Top Historic Sights in Haninge, Sweden

Explore the historic highlights of Haninge

Dalarö Church

The wooden church of Dalarö was built in 1651, couple of decades after Dalarö was established as a toll station of Stockholm city. The church got its present appearance in 1787. It has survived completely from the large fires in Dalarö. There is a pulpit from 1630s, originally created for Tyresö church but donated to Dalarö in 1639 (because it was not considered good enough for the new church i ...
Founded: 1651 | Location: Haninge, Sweden

Österhaninge Church

The medieval Österhaninge church date from the 13th century. The sacristy and porch were added in 1400s and the tower in 1587. The chapel of Bielkenstierna family was designed by Nicodemus Tessin the Older in 1663. The marble epitaph was made by Nicolas Millich in 1680. Also the pulpit date from the 17th century.
Founded: 13th century | Location: Haninge, Sweden

Årsta Castle

The history of Årsta manor date to the 14th century, when it was a residence of Teutonic Order of Livonia. In 1467 it was acquired by Erik Axelsson Tott. The present main building was built by the Claes Hansson Bielkenstierna around the year 1650. After him Årsta has been owned by Kurck, Soop and Fleming families. Today it is owned by Cedergren family and hosts a restaurant.
Founded: ca. 1650 | Location: Haninge, Sweden

Sandemar Castle

At the beginning of the Kalmar Union age Sandemar was owned by the Teutonic Order of Livonia. Erik Axelsson Tott bought all the Order's property in Sweden in 1467. During the 1500s the ownership was unknown. In the 1600s the Sandemar belonged to families Oxenstierna, Bonde and Falkenberg. The Royal Council and president Gabriel Falkenberg completed the present main building around the year 1693. Sandemar is today privatel ...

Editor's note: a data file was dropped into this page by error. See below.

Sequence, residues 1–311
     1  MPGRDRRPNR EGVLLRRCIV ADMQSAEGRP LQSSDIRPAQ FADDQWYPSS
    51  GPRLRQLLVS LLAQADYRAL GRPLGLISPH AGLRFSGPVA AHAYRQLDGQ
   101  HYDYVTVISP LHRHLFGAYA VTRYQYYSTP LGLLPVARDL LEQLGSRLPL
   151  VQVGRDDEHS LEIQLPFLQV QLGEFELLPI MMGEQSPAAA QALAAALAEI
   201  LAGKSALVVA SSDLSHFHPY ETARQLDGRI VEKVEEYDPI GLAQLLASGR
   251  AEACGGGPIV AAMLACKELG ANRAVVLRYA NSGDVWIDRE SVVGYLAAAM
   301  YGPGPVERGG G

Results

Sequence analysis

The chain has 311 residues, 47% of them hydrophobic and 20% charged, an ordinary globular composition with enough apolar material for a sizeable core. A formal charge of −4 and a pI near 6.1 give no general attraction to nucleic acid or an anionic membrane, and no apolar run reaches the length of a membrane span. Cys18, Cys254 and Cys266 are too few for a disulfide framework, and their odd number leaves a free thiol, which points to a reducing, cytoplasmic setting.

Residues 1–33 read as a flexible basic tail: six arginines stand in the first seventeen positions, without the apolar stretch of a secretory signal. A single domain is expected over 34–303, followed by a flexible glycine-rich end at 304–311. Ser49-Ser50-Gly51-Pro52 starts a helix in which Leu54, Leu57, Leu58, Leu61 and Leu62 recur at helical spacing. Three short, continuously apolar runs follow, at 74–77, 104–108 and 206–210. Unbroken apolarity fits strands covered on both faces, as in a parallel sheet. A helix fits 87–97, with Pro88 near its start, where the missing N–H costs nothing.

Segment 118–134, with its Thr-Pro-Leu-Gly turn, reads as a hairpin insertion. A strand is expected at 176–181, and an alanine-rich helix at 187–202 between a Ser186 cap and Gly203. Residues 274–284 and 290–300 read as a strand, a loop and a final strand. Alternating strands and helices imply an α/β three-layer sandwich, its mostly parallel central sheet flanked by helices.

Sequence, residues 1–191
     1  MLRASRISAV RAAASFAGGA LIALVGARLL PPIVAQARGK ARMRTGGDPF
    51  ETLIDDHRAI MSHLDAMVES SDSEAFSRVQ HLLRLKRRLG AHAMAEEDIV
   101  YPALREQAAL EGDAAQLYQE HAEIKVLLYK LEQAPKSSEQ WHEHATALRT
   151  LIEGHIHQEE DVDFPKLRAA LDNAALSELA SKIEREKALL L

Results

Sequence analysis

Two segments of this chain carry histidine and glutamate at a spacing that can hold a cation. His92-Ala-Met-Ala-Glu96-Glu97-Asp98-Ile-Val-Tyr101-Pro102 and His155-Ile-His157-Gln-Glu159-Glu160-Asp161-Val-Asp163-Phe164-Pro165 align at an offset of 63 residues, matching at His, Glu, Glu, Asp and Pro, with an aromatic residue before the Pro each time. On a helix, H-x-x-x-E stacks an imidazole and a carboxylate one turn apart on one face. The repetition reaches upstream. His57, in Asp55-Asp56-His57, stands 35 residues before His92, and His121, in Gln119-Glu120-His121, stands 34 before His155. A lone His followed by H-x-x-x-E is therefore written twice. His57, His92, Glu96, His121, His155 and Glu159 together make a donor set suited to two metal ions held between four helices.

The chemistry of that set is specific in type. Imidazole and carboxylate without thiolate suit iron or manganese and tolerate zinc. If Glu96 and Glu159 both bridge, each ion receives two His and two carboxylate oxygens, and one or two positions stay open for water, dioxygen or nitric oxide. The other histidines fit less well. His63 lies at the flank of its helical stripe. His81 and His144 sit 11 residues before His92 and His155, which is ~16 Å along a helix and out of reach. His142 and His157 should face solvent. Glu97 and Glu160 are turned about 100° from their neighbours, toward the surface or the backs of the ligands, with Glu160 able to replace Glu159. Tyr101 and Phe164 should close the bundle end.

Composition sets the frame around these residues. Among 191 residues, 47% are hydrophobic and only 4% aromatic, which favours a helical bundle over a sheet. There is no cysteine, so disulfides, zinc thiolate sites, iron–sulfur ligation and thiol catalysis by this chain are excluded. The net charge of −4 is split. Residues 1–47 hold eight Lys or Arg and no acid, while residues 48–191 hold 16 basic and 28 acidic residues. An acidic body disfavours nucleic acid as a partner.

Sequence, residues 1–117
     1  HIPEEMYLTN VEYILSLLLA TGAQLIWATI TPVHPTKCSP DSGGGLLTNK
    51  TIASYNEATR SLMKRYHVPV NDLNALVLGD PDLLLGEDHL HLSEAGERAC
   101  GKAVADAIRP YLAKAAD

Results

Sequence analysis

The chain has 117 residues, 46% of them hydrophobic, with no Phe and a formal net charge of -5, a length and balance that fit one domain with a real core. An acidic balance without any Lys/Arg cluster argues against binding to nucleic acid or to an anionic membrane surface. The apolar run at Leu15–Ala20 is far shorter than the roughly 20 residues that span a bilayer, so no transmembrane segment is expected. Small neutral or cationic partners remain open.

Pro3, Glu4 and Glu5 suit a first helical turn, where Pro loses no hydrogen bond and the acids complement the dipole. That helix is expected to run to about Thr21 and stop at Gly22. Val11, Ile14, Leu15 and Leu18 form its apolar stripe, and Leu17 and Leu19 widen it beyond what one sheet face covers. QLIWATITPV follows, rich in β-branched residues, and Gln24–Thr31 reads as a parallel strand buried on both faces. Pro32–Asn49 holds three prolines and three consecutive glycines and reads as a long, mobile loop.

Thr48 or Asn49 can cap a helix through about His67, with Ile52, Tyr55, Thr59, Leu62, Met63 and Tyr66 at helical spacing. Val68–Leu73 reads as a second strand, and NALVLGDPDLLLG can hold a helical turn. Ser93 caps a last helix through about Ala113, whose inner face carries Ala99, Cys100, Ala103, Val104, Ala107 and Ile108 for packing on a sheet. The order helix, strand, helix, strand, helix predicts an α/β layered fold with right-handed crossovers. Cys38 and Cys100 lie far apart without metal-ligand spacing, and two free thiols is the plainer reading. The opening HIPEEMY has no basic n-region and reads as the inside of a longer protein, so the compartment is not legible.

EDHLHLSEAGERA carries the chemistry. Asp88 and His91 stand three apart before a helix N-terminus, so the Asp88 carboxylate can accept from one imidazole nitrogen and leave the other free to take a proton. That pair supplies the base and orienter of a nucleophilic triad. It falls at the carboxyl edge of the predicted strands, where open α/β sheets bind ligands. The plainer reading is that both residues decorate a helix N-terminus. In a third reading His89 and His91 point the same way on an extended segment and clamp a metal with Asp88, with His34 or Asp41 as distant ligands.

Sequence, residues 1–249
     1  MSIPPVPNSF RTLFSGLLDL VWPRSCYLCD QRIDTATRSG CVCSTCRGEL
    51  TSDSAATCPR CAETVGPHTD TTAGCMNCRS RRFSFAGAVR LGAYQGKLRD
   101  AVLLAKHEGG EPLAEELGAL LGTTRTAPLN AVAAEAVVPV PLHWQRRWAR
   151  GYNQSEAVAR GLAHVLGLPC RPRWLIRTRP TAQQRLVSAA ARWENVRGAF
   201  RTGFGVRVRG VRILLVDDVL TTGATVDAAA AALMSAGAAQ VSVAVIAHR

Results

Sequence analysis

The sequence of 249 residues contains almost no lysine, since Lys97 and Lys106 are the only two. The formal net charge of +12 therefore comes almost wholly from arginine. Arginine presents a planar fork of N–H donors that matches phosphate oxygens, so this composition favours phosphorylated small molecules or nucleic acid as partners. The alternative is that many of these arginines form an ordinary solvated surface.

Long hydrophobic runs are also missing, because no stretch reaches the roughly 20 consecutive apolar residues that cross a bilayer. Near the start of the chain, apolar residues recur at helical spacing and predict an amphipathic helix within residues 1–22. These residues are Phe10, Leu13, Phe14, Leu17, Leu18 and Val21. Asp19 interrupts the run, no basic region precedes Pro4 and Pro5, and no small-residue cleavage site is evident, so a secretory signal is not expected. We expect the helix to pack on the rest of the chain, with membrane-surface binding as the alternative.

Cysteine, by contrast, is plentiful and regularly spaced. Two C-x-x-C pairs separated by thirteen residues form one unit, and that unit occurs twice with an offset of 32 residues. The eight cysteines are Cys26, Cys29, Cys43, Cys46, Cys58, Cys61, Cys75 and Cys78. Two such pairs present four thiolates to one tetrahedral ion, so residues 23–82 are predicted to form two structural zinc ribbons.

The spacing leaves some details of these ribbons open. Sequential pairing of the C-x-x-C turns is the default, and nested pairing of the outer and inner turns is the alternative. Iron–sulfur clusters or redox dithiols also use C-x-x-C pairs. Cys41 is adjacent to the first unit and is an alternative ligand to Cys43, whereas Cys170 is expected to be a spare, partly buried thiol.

Founded: 1693 | Location: Haninge, Sweden

Featured Historic Landmarks, Sites & Buildings

Historic Site of the week

Kalozha Church

The Kalozha church of Saints Boris and Gleb is the oldest extant structure in Hrodna. It is the only surviving monument of ancient Black Ruthenian architecture, distinguished from other Orthodox churches by prolific use of polychrome faceted stones of blue, green or red tint which could be arranged to form crosses or other figures on the wall.

The church is a cross-domed building supported by six circular pillars. The outside is articulated with projecting pilasters, which have rounded corners, as does the building itself. The ante-nave contains the choir loft, accessed by a narrow gradatory in the western wall. Two other stairs were discovered in the walls of the side apses; their purpose is not clear. The floor is lined with ceramic tiles forming decorative patterns. The interior was lined with innumerable built-in pitchers, which usually serve in Eastern Orthodox churches as resonators but in this case were scored to produce decorative effects. For this reason, the central nave has never been painted.

The church was built before 1183 and survived intact, depicted in the 1840s by Michał Kulesza, until 1853, when the south wall collapsed, due to its perilous location on the high bank of the Neman. During restoration works, some fragments of 12th-century frescoes were discovered in the apses. Remains of four other churches in the same style, decorated with pitchers and coloured stones instead of frescoes, were discovered in Hrodna and Vaŭkavysk. They all date back to the turn of the 13th century, as do remains of the first stone palace in the Old Hrodna Castle.

In 2004, the church was included in the Tentative List of UNESCO"s World Heritage Sites.